HTML forms are a bad idea for proposal submission.
I've written quite a few grant submission systems (I have a grant cycle running right now, with a deadline of this Friday...yay...). It's a pretty standard deal- web based system that allows for a fair amount of meta data (PIs, co-operators, institutions, name of grant, funding request, etc.). These of course are all part of the HTML forms.
BUT- the proposals themselves- the 2-20 page document where they explain the project- is always a complete mish-mash of stuff that could never go into an HTML form. Formulas, images, etc. Tons of formatting. And typically it is a document that has been shared/edited with other researchers. I ran one system about 15 years ago that was HTML only, and the number of projects that had 8 different PIs, who all wanted edit rights at the same time was way too high. This was pre-Google Wave, and the idea of 8 people simultaneously editing the same text on the web was insane then...as it is now.
Plus, the way that researchers/PIs handle these submissions is to turn everything in at the last possible minute. Any complication on the receiving system will just cause you to get your ass chewed out in the hallway at the next big conference.
I absolutely, 100% never ever want to hear someone say, "I tried to submit my proposal, I typed everything in, then there was an error." Because really, these people will open the page, then sit on it for 3 days as they dink around. When they finally hit 'submit' they're surprised that there was an error. Yes, there are technical ways to mitigate this problem...and the very best way is to have the applicants submit documents.
But, in the case of this article...I usually provide support for these systems. I've been doing this for about 20 years, so I'm fairly good at it. And the absolute quickest way to provide support to someone having problems is to say, "Just email me the document, and I'll submit it for you." 90% of the time I get an email that says, "I figured it out...thanks for your help." 8% of the time people say, "I tried to email the document, but it failed...my file was corrupt, so I re-saved it and then submitted...thanks for your help." The last 2% send me the file, I convert it if necessary, and we move on. (that's 2% of the problems, not 2% of the submissions)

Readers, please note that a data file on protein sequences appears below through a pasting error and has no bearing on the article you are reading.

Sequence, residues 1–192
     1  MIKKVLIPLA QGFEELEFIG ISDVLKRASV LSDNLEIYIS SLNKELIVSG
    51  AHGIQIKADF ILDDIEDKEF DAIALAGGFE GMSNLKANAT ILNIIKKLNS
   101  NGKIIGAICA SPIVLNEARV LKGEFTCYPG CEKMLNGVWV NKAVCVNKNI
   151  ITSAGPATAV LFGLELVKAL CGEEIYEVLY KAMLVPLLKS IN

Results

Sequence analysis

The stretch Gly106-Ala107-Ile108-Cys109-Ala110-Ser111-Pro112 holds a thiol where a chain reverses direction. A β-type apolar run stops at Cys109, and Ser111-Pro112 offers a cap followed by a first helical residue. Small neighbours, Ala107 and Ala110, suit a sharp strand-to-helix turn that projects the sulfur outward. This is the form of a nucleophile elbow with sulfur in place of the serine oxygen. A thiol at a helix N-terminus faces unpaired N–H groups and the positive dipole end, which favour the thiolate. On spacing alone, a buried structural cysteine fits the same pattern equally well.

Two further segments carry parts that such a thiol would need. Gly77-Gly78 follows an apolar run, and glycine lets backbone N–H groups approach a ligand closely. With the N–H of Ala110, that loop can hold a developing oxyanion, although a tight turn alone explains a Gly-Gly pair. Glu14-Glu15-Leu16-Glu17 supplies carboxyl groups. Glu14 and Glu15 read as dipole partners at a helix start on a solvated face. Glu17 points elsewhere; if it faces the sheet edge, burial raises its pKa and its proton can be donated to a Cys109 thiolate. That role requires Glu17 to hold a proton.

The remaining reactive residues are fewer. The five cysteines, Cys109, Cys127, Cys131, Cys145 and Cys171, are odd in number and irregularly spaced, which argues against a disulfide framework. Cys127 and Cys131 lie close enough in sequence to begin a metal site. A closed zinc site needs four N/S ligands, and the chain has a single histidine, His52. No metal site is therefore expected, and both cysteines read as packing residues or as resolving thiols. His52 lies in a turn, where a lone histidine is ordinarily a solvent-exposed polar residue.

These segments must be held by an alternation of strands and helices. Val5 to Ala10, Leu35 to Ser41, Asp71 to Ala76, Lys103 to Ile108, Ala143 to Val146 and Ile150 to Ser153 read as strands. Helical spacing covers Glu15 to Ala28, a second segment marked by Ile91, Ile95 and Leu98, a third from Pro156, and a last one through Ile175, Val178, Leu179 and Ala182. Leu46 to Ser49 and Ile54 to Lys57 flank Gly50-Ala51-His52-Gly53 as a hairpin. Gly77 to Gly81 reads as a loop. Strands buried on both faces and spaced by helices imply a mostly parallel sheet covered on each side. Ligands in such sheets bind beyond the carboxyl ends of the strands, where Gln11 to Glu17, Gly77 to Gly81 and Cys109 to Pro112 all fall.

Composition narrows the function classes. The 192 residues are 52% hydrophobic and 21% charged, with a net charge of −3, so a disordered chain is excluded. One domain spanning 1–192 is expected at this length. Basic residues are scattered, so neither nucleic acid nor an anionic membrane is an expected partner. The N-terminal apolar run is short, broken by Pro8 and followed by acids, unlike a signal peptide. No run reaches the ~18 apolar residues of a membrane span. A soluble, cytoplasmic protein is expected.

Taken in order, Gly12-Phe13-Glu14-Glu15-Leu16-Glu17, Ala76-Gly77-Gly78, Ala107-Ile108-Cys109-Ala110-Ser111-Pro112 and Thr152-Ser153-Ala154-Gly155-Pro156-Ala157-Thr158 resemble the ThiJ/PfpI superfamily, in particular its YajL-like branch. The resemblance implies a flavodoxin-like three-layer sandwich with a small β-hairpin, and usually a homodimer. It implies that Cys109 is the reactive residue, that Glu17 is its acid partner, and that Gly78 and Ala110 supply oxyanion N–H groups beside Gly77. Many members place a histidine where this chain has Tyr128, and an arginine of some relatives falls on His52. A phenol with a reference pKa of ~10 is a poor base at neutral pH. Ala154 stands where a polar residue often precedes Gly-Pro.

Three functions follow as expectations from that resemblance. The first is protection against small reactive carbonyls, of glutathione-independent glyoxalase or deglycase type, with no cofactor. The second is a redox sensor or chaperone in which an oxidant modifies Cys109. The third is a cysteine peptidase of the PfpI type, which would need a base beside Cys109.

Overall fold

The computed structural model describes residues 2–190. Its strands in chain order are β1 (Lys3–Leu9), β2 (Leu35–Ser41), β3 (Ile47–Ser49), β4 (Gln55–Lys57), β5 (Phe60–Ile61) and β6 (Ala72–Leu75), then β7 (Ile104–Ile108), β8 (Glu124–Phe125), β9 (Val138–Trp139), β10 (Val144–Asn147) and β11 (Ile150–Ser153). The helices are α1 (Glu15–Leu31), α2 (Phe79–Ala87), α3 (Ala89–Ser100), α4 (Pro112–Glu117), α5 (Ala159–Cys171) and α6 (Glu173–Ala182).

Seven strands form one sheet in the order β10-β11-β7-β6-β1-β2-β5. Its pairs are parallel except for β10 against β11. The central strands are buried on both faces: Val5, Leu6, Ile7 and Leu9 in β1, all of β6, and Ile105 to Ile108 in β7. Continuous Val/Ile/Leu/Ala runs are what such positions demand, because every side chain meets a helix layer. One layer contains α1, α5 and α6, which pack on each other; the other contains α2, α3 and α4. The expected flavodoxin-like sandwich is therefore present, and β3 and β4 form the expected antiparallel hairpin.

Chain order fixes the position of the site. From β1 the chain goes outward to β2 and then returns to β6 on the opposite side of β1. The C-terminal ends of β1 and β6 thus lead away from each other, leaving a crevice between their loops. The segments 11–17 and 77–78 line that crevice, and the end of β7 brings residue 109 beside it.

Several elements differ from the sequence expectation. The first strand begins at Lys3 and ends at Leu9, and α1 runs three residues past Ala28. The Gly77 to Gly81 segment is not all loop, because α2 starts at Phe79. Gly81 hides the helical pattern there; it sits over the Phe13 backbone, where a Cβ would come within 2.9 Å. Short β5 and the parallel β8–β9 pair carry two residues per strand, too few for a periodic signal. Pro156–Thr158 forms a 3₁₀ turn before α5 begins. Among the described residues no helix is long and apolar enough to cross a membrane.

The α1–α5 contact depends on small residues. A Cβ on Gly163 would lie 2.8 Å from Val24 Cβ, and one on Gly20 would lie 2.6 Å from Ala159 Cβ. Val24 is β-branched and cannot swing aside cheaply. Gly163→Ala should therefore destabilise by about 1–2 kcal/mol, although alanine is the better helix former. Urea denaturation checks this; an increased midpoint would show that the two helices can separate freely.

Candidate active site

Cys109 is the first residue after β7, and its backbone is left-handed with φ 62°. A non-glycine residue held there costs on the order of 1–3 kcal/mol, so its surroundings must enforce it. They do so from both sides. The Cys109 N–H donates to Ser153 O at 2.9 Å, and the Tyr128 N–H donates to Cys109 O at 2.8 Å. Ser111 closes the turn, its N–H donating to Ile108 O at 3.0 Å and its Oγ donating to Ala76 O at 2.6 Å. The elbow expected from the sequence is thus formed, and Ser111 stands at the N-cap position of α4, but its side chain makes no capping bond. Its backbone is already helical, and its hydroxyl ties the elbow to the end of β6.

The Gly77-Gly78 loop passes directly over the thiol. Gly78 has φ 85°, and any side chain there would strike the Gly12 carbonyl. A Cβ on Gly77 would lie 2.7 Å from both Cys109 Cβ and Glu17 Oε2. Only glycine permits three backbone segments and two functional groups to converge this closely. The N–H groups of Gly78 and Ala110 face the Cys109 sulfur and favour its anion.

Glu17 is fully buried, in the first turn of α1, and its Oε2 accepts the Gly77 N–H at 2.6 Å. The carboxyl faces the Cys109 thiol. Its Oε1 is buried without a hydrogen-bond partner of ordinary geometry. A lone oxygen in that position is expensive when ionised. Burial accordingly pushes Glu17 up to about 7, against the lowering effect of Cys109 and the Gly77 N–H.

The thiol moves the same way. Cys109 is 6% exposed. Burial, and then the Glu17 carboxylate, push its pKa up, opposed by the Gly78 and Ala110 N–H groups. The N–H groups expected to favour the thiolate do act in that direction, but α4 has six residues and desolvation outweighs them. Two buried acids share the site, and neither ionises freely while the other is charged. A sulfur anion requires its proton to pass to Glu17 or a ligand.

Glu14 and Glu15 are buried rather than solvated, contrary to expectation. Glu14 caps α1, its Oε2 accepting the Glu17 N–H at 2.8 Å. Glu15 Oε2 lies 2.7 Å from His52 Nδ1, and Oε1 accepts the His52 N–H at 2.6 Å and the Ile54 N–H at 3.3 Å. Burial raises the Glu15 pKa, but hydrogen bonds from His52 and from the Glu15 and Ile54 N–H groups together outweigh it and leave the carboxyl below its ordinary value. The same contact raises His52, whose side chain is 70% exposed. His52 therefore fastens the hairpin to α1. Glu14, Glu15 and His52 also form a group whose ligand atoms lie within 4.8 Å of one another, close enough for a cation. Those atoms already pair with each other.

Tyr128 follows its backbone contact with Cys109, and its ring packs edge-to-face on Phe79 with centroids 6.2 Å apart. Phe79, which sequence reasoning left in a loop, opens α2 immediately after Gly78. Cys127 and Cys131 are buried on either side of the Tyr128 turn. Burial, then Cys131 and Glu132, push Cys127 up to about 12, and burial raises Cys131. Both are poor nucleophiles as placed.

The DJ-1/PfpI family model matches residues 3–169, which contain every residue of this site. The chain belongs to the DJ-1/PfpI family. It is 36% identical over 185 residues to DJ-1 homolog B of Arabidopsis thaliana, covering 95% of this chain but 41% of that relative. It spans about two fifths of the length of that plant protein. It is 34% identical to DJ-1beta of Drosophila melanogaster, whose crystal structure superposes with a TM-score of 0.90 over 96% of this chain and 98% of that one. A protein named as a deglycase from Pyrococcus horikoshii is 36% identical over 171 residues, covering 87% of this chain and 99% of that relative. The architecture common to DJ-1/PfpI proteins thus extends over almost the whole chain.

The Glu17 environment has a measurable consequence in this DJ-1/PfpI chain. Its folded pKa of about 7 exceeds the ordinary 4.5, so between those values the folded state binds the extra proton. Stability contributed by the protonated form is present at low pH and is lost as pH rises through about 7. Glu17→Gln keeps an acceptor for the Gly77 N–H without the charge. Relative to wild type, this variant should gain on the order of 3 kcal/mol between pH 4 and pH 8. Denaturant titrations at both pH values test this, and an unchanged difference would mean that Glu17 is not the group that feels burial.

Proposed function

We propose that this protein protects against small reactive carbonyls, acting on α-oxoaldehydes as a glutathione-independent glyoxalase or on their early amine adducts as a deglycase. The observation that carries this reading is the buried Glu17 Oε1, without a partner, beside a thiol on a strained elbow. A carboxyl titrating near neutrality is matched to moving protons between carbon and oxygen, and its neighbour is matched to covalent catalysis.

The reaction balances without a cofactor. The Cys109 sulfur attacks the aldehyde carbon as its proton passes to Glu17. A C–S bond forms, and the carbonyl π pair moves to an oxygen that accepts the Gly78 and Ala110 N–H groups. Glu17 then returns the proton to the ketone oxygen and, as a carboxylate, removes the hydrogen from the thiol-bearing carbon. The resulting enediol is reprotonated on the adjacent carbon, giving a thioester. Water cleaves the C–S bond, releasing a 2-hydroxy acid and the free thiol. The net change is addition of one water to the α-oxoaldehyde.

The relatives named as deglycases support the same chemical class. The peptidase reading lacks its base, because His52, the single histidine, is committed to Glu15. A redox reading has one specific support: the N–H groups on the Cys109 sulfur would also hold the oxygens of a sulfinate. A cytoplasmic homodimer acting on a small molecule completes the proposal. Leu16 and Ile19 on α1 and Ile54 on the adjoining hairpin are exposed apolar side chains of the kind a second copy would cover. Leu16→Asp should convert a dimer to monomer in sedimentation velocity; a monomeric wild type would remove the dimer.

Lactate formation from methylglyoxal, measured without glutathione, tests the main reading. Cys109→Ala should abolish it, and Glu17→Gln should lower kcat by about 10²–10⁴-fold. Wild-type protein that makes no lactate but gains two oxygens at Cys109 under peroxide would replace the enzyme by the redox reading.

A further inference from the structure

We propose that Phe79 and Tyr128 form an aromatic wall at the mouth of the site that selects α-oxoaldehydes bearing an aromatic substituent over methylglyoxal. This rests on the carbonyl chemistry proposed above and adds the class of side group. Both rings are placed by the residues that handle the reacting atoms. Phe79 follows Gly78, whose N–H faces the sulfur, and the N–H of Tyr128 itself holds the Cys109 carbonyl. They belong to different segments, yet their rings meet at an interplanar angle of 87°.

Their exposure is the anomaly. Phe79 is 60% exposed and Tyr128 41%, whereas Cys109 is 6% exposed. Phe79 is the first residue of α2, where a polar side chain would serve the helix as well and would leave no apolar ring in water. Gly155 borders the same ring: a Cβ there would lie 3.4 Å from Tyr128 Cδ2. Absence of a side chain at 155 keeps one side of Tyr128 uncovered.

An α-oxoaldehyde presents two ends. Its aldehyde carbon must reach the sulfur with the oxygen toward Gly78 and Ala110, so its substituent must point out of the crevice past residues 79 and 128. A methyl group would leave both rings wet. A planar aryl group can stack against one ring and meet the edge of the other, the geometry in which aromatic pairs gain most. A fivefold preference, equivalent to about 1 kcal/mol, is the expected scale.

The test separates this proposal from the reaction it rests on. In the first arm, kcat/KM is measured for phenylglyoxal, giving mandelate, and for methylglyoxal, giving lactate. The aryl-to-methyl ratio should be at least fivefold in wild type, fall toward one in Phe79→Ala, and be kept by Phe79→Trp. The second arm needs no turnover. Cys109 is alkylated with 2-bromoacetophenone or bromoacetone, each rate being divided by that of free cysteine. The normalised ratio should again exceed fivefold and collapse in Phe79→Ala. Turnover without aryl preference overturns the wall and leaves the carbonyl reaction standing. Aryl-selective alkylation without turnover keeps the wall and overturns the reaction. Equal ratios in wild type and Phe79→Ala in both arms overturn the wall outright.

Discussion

There is no reason for me to make a 100% bullet-proof, all-inclusive system that will handle every single different scenario perfectly. It would take too much time. For the very small number of people with a problem, I just do it the old fashioned way. So if somebody told me, "I'm on Linux, and I can't convert my file to PDF, and I don't want to use one of the billion on-line PDF conversion tools, why is the government supporting Adobe and Microsoft!!!, blah blah blah" I just tell them to send me the file. In about 3 minutes I'm done and they are happy. Once upon a time I even hired temps to do this work- but these cases are really about .5% of submissions, and it just isn't worth it.
The article wasn't about the practical aspects of using PDF, it was about the (crap, can't think of the word...) aspect, where someone got their panties in a bunch because the government doesn't facilitate their worst-case-scenario approach to proposal submission.
Source: Been doing this for 20 years for the gub'ment. Yes, there is a guy like me behind most of those systems. See the part of the submission site that says, "For technical assistance...". Yeah, call me or send me an email and I'll take care of it for you. That's why they pay me, and good service is how I make the system look good.
***On the other hand, when you send an email to me, my boss, the funding organization and the overarching agency describing how the system does not function properly, and you were not able to submit your proposal...yes, I will send back a very detailed screenshot laden email pointing out step by step how you failed, and probably send the logs showing that you logged on one time 3 hours before the submission deadline. Goddam I hate it when people blame their failings on the system.